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Tracy Winchell

Preparing for Uncomfortable Interactions: A 6-Step Guide

published14 days ago
2 min read

πŸ‘‹πŸ» Reader,

Hope you January is going well and that you're chipping away, day by day, on your big objectives for year-end 2023.

If it's not, keep digging. Whatever's happening -- or not -- isn't a character flaw.

  1. Life happens
  2. You aren't clear on where to start.
  3. You overestimated your available time.
  4. Your monkey mind keeps taunting you.

I'm having decent success operating inside Six-Week Sprints. It's still pretty clunky -- slightly more reliable than the old truck from Beverly Hillbillies!

​Here are the weekly review questions I'm using to assess my progress.

I'd love to know what you think.

Let's get to the heart of this week's edition of Manage Your Inner Critic.

Today I want to share some wisdom from Twitter humans.

How do you deal with "That Person?"

During the holidays, I asked a few questions. This is my favorite -- because of the responses people shared.

​Read the responses.

I've been thinking a lot about the situations in which we must deal with "That Person."

Sure, we don't engage people from our past who continue to hurt us emotionally or physically.

Sometimes, though, confrontations are necessary, whether it's job- or parental-related, dealing with an ex, and setting boundaries -- to name a few.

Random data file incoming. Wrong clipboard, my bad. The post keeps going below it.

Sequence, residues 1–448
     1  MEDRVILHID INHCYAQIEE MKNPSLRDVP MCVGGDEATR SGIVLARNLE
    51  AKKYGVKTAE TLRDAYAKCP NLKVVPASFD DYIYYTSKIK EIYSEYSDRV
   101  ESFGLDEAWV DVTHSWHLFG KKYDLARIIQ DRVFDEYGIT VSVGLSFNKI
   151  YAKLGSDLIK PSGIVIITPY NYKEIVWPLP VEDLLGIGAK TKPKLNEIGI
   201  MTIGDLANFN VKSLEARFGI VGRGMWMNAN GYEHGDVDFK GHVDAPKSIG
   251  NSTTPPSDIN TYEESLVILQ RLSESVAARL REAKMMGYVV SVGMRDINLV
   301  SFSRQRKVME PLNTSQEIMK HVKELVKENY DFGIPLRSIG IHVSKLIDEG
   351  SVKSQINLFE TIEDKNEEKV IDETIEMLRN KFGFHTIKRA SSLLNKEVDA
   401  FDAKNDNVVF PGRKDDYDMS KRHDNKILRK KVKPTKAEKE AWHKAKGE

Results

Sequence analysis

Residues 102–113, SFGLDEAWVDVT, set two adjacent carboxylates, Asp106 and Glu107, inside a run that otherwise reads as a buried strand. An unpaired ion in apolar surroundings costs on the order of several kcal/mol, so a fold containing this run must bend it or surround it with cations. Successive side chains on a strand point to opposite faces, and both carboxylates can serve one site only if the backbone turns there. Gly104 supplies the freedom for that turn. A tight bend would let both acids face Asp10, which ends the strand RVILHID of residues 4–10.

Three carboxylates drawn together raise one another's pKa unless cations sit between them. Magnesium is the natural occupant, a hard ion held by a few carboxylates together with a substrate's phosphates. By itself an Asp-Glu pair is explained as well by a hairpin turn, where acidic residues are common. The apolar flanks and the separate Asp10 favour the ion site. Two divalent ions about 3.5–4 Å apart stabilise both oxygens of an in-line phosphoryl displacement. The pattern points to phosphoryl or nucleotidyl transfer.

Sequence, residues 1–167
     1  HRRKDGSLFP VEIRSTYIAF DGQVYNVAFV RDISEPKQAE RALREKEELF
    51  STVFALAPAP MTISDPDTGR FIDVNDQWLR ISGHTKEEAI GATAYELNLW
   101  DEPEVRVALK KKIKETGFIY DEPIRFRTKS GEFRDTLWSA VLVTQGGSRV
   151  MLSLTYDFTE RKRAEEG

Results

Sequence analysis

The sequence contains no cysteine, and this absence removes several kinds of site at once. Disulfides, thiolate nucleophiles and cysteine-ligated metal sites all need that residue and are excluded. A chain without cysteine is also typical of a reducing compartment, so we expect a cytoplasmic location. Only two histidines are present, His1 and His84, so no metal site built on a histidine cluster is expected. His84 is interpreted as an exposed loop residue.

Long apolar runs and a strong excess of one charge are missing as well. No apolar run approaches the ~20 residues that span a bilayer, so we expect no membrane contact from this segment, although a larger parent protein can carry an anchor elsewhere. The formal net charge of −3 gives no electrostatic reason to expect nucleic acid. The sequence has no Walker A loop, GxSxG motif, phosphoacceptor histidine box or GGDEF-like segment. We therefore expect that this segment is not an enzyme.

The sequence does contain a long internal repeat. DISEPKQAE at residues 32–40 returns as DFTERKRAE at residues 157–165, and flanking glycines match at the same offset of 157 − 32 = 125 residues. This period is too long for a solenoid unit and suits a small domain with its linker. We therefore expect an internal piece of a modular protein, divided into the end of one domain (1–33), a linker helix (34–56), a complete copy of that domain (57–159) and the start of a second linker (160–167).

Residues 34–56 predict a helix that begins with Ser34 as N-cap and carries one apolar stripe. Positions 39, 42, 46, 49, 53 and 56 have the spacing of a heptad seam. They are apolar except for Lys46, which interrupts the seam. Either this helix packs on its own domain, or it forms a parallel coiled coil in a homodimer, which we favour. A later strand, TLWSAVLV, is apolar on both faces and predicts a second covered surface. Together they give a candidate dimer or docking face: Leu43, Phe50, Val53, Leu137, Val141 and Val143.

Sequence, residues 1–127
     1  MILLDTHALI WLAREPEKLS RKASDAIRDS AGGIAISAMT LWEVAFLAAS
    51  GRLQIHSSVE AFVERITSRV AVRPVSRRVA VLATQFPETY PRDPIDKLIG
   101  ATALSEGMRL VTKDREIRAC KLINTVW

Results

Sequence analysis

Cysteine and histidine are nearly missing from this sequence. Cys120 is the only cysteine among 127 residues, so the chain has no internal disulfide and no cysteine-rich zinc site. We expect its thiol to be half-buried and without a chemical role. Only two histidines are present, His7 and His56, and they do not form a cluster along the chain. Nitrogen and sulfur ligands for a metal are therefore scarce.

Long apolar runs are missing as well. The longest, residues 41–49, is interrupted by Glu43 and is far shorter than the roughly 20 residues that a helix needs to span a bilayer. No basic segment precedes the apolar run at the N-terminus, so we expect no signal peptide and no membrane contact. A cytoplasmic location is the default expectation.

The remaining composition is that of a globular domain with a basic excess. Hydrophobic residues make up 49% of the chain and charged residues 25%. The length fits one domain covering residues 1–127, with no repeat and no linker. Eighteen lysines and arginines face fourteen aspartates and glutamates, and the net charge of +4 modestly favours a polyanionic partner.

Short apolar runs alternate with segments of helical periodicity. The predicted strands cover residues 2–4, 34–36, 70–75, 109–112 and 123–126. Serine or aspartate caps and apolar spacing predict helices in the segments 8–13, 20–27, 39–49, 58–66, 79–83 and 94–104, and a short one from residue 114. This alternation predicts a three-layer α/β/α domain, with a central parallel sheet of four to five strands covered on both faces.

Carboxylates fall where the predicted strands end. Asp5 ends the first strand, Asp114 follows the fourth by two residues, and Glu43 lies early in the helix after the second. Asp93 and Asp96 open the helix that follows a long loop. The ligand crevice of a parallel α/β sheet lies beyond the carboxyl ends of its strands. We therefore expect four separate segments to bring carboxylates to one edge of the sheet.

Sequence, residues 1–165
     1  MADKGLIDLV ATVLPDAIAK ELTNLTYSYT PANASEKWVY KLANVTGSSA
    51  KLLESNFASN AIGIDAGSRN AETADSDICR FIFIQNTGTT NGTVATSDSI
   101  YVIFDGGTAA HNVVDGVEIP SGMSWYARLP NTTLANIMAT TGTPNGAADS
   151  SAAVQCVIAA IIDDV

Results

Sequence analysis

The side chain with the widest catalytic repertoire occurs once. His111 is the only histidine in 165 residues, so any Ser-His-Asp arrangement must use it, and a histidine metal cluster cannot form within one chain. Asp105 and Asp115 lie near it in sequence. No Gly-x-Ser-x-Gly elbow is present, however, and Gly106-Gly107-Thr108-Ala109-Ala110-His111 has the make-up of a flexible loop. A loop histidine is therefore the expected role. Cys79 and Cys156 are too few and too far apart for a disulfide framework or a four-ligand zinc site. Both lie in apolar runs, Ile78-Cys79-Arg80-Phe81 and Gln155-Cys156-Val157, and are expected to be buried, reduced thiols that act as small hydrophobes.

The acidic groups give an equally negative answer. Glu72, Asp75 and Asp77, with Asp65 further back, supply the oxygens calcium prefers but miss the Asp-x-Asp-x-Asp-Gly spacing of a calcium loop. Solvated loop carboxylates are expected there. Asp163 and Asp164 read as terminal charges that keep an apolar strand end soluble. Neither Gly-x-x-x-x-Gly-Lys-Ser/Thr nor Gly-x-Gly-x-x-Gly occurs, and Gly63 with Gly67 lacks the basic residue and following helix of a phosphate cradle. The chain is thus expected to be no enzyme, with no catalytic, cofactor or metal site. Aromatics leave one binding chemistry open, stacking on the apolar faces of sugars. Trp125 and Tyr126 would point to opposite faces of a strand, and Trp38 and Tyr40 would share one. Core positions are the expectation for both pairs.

When we know a confrontation is coming, the easy thing is to sweep it under the rug.

Avoiding situations prolongs the tension, and it’s best to dive in.

The Era of Angry Tracy

Angry outbursts create havoc in relationships, workplaces, and on your well-being.

I know because 10 years ago, I was one big angry outburst.

Anger will never be "fixed" in my life. I keep working on it.

Today, I still yell on occasion yell instead of conversing, and I never remember when I crossed over from rational conversation to rage.

Stubbornly refusing to apologize is the worst possible outcome. Still, apologies suck.

Over the past decade, I’ve learned that – when I see the potential for negative emotion on my schedule – I employ simple mind-sculpting prompts to help manage my emotions.

The questions vary, but the framework stays the same.

I walk myself through my emotions, toward and to reason. Reason, you see, is where I meet the expectation of how I will behave – no matter what.

A 6-step framework to help you prepare.

  1. Acknowledge Emotion: How do you feel about the potentially explosive event on your calendar?
  2. Understand Why: Why do you feel the way you do?
  3. What Outcome Do You Need?: What do you need from the event?
  4. Expect Nothing from the Other Person: What is the worst-case situation of how the other person might behave?
  5. Determine Your Behavior: No matter what transpires, determine to keep your cool.
  6. Prepare Your Body: Slow your heart rate with a few deep breaths immediately before, during, and after the exchange.

When You Lose Your Cool

1️⃣ Remember: You are human.

2️⃣ Apologize: for your part in the confrontation. Not for them, but for you.

3️⃣ Assess: What have you learned about the next time you deal with "That Person?"


That's it for this week!

-t

P. S. Don't forget to share your thoughts and questions.